Program Growth: 1959-1995
The ERP Program at the University of Wisconsin-Madison was formally organized in 1959. In 1963, Dr’s. L.E. Casida, Professor, Department of Genetics; W.H. McShan, Professor, Zoochemistry, Department of Zoology; R. K. Meyer, Chairman and Marshall Professor of Zoology; B. M. Peckham, Chairman and Professor of Obstetrics and Gynecology; and R.C. Wolf, Associate Professor, Department of Physiology. They submitted an application to the Ford Foundation and received $1,500,000 to support the program for five years, which was then further extended to 1970. In addition to the Ford Foundation award, this group prepared a successful training grant application to the National Institute of Child Health and Human Development for $1,000,185. Funds from both grants enabled the ERP Program to increase the number of trainees in the program. In 1968 the program staff also expanded to include: Dr’s. A.E. Colás, Professor of Obstetrics and Gynecology and Physiological Chemistry; N.L. First, Professor of Meat and Animal Science; O. J. Ginther, Assistant Professor of Veterinary Science; H. J. Karavolas, Assistant Professor of Physiological Chemistry; and K.W. Thompson, Professor of Obstetrics and Gynecology. The original group from 1963 and new faculty from 1968 proceeded with a renewal application of the National Institute of Child Health and Human Development training grant (above). This successful renewal no longer stipulated a specific number of trainees from developing countries be enrolled in the ERP Program. The ERP Program then continued along these lines, and over the following decades, developed a worldwide reputation as a program of excellence. In 1972 additional faculty were added to the ERP Program including Dr. J. Gorski, Professor of Biochemistry and Dr. D. Dierschke, Assistant Professor of Meat and Animal Sciences. Of note, during the next three decades, the program was awarded further support both alone (NIH Training Grants 1970-1972, 1978-1982, AGRICCSRS 1987-1992, US Army 1996-2001) and in conjunction with other notable programs (Cell and Molecular Biology Program, Developmental Biology, and University departments under the umbrella of a Gamete and Embryo Biology training grant through NICHD (1989-1993)). Also by this time, the longstanding existence of the program was now shown by the prominent achievements of its early trainees, many of which have gone on to meritorious achievements.
The ERP Program went though a difficult readjustment period between 1995 and 2000 when program training grant support was on the decline and increased competition from internal and external graduate programs was on the rise. Dr. Ian Bird became the Program Director elect in 1999 and was officially in charge as of May 2000.
The Graduate School conducted a formal program assessment in 2001/2002 and provided the ERP Program with a list of recommendations to not only stabilize the program but also to encourage future growth in enrollment and training grant support. With these recommendations in hand, the ERP Program set out to implement new strategies in student recruitment, training grant support, student services and alumni outreach. In May 2003 a new NIH training grant application was submitted and received the top score – 118 – in the study section. Funding for 4 pre-doctoral trainees was awarded.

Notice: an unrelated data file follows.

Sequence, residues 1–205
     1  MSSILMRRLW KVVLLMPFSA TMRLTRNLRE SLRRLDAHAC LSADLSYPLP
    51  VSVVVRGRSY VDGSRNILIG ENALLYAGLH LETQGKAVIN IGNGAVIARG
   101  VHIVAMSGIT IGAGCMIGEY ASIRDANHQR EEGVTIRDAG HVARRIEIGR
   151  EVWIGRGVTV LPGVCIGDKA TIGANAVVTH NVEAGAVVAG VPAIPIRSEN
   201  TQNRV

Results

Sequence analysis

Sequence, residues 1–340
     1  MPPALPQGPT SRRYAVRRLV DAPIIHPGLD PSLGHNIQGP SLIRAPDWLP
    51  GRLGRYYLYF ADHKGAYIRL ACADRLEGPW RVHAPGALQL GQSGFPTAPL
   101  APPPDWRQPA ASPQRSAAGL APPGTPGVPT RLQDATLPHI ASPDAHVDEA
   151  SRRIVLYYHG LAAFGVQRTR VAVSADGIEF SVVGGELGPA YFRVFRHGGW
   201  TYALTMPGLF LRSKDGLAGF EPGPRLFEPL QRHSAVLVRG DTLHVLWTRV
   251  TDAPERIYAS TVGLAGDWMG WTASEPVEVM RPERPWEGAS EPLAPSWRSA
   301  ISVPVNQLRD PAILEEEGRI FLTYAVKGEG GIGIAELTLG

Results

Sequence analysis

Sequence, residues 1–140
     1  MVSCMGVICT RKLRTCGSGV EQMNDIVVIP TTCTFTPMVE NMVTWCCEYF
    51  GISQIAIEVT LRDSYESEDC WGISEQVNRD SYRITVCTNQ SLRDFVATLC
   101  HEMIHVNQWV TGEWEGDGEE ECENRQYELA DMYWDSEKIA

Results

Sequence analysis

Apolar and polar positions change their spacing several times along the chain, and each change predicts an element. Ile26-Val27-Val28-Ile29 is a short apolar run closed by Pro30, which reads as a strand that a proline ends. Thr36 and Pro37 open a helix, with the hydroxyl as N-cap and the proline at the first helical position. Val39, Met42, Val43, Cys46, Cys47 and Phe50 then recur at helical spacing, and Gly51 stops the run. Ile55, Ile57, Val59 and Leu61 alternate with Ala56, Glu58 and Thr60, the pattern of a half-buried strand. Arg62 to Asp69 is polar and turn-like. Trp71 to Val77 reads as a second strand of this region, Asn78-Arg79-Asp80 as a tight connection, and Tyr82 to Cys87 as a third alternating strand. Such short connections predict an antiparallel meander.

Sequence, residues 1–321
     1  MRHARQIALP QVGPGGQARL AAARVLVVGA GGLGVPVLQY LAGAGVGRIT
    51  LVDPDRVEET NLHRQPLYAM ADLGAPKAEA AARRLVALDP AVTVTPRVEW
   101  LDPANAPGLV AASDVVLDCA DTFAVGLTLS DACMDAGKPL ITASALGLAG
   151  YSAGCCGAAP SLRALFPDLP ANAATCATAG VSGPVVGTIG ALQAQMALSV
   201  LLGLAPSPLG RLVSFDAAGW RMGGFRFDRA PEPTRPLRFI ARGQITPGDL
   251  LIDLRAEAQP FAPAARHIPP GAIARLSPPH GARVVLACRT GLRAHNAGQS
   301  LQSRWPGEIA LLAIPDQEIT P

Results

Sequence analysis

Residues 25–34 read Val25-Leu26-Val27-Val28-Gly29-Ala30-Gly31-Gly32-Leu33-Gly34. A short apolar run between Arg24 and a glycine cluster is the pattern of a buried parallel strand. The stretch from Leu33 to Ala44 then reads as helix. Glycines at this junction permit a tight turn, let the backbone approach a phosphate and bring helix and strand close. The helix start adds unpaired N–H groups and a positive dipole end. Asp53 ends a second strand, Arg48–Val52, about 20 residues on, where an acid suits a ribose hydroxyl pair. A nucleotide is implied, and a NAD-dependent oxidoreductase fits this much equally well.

Building on the success of the pre-doctoral training grant model, a new complimentary post-doctoral training grant application is in the submission process to fund a combination of PhD and MD Fellows in basic and clinical research methodologies. Both PhD and MD faculty will serve as trainers in this new project.
In responding to the changing landscape of student recruitment methodologies, the ERP Program has taken advantage of the email marketing services provided by an off-campus vendor. Since implementation of the new email recruitment strategy in July 2006, applications for the PhD program have increased by 65% over applications received in fall 2006. The ERP Program has also joined GradSchools.com by purchasing advertisement services for 2006/2007. The GradSchools.com web site directed more than 1,500 individuals the ERP Program web site in the first 10 months of service.
Student services are the hallmark of a strong training program, both Dr. Bird and Tiffany Bachmann have taken an active role in managing and refining current student service functions. Positive changes have included standardizing the preliminary exam process to give students experience in writing a scientific grant application based on the dissertation project and peer-review process; the development and implementation of a new student orientation session before classes begin; funding for laboratory rotations for incoming PhD students; and access to a full-time Student Services Coordinator.
In 2006 a fund was established at the UW-Foundation for the ERP Program to accept gifts from alumni and friends to support special program initiatives not supported by general operating funds provided by the University. Gifts are welcome at anytime and can be made by online payment. In 2009, the ERP Program celebrated its 50th Anniversary as an interdepartmental training program on the UW-Madison campus. We will be contacting alumni during the next 18 months to help us mark this special milestone. Alumni members are encouraged to update individual contact information through the Wisconsin Alumni Association.
The faculty and students are looking forward to the continued growth and development of the ERP Program. If you are in Madison, please contact us, we are happy to have you as a seminar speaker or help you reconnect with colleagues and friends.